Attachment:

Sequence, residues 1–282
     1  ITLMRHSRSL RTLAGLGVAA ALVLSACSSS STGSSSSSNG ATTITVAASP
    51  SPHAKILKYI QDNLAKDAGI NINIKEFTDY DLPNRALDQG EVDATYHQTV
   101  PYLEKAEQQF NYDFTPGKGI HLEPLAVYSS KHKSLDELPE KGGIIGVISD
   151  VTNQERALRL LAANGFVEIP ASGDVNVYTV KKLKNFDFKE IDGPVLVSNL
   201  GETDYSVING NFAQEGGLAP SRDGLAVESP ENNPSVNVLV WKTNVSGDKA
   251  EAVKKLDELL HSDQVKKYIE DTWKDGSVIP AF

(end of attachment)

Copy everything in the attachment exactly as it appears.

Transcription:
Sequence, residues 1–282
     1  ITLMRHSRSL RTLAGLGVAA ALVLSACSSS STGSSSSSNG ATTITVAASP
    51  SPHAKILKYI QDNLAKDAGI NINIKEFTDY DLPNRALDQG EVDATYHQTV
   101  PYLEKAEQQF NYDFTPGKGI HLEPLAVYSS KHKSLDELPE KGGIIGVISD
   151  VTNQERALRL LAANGFVEIP ASGDVNVYTV KKLKNFDFKE IDGPVLVSNL
   201  GETDYSVING NFAQEGGLAP SRDGLAVESP ENNPSVNVLV WKTNVSGDKA
   251  EAVKKLDELL HSDQVKKYIE DTWKDGSVIP AF